Yesterday, when I pointed out that ordinary Zimbabweans were probably better off under Ian Smith than they now are under Mugabe, I received the horrified accusation that I was defending Rhodesia's racist regime. Hardly; a baby is better off having its throat cut than being burned to death, but this is not a good reason to kill babies. We shouldn't have to choose between racism and riots, and I deny that these are the only two possible equilibria.

But Timothy Burke says it better than I do:

There remains little that most outside interests can do. Even most sanctions don’t strike me as being potentially effective. I had to really stifle a thunderbolt of rage at one posting on a scholarly listserv that I read when one scholar proferred the argument that although Mugabe is a tyrant, it’s really the fault of the United States and Great Britain, and that the real political challenge is to keep them from interfering. That’s a tragic case of stupid addiction to old dogma, dogma that was analytically wrong-headed in the first place. If I could think of a way for the US and UK to usefully interfere beyond what they’re doing already, I’d encourage them to do it. Western intellectuals and scholars concerned with Africa often still treat sovereignty as an obsessive and magical political objective, as if its mere fact insures a better world.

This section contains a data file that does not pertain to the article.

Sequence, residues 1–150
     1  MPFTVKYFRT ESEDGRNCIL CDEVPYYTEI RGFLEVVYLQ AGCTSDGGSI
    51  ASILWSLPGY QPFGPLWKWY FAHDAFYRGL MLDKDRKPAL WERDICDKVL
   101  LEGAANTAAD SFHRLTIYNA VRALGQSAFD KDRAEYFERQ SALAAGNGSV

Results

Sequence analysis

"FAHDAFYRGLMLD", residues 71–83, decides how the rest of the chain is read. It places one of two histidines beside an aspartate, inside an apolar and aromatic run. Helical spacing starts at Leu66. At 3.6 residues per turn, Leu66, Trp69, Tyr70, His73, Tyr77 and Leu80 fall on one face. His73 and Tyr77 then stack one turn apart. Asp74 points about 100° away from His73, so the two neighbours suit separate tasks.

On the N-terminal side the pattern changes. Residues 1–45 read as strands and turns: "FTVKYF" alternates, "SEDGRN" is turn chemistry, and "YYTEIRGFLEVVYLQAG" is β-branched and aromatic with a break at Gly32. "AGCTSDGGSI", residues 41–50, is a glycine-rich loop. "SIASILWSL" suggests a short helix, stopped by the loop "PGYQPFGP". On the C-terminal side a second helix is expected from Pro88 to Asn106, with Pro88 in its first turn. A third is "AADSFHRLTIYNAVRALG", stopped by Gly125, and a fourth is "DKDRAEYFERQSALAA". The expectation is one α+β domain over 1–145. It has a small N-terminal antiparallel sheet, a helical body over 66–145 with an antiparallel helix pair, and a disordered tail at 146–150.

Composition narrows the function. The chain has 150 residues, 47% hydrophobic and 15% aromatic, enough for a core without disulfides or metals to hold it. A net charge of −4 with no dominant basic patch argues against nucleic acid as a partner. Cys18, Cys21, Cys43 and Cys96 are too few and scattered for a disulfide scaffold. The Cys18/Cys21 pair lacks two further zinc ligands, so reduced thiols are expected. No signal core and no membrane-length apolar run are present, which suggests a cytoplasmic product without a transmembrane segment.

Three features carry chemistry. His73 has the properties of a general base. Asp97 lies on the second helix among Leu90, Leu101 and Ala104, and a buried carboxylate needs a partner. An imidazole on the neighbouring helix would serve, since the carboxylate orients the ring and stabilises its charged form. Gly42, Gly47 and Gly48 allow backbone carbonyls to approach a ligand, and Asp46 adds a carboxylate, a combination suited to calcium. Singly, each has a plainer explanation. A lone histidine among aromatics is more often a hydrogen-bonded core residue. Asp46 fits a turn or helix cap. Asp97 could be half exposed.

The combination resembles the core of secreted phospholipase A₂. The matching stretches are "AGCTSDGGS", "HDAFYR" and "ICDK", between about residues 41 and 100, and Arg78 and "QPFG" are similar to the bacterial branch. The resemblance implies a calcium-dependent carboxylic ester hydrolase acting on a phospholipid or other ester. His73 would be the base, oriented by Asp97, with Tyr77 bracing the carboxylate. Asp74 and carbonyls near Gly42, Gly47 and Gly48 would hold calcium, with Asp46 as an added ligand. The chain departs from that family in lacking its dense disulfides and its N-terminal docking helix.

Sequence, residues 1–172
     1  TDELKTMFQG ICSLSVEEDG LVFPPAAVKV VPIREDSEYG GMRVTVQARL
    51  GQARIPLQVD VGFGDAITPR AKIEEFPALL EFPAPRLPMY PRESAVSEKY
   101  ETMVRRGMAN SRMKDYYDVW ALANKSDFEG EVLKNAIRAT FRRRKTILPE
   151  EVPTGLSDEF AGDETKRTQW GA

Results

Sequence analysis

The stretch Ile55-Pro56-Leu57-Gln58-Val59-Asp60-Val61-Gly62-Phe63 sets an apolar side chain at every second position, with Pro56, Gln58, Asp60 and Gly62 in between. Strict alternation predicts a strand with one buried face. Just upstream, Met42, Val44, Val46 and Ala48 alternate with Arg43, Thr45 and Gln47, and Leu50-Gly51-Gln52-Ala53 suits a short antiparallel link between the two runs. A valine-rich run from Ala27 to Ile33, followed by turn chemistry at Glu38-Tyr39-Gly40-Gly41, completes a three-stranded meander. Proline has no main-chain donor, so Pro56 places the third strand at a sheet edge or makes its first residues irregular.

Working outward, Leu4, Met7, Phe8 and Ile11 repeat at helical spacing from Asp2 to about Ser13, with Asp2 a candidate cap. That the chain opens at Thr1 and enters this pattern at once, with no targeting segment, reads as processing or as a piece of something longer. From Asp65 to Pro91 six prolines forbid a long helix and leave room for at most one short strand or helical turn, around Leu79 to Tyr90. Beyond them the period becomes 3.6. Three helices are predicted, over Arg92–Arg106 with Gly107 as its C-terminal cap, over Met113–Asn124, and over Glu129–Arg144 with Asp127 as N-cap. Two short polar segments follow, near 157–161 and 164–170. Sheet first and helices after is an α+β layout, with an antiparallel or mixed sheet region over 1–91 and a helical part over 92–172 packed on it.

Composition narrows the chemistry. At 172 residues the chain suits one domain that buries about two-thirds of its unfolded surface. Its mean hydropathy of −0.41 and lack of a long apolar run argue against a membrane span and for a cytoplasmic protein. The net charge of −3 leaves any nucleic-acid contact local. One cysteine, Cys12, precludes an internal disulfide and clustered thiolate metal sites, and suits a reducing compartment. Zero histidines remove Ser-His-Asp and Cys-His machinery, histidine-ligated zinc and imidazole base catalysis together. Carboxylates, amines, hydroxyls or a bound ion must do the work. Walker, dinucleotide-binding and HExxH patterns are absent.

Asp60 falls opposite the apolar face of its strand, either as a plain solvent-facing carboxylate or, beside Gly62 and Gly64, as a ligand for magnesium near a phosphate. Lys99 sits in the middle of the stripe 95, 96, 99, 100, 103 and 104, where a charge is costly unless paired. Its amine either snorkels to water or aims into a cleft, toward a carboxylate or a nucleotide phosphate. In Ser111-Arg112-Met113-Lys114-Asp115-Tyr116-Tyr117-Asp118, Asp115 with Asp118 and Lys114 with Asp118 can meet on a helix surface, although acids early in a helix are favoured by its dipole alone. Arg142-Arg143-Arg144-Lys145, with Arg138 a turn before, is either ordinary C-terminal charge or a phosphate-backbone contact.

Or more dubiously, treat some African states today as if they have yet to achieve sovereignty. I think it’s perfeclty fair to say that there are postcolonial states in Africa who have never had a functioning government, nor have ever achieved any kind of central control over the territory marked for them on the map. Zimbabwe is not one of those states. The people in power now, who have been in power for twenty-eight years, have long had a great measure of control over their territory. Zimbabwe is the opposite of the conventional “failed state”: its rulers have very significant capacity for violence and political control across most of their national territory, even with the economy in tatters. It’s demonstrates perfectly that the mere achievement of sovereign power and strong governmental authority guarantees nothing, improves nothing. When some contemporary Zimbabweans mutter that the last twenty years or so of Rhodesian power were preferable to the last decade of independence, it’s hard to disagree. That this statement alone is more likely to horrify concerned Western liberals than any number of ghastly utterances by Zimbabwean authorities in the last decade says a lot about the limited perspectives of those liberals. It’s not that we should have to choose between Smith’s Rhodesia and Mugabe’s Zimbabwe: the former was forever stunted, the latter an unending disaster. The problem is with those who believed and sometimes continue to believe that the mere fact of succession by Mugabe over Smith was progress in its own right.

Update these comments are taking an ugly turn. People concluding from their sketchy reading of news articles about a handful of African countries that the entire continent is therefore incapable of self rule need to do a lot more reading.

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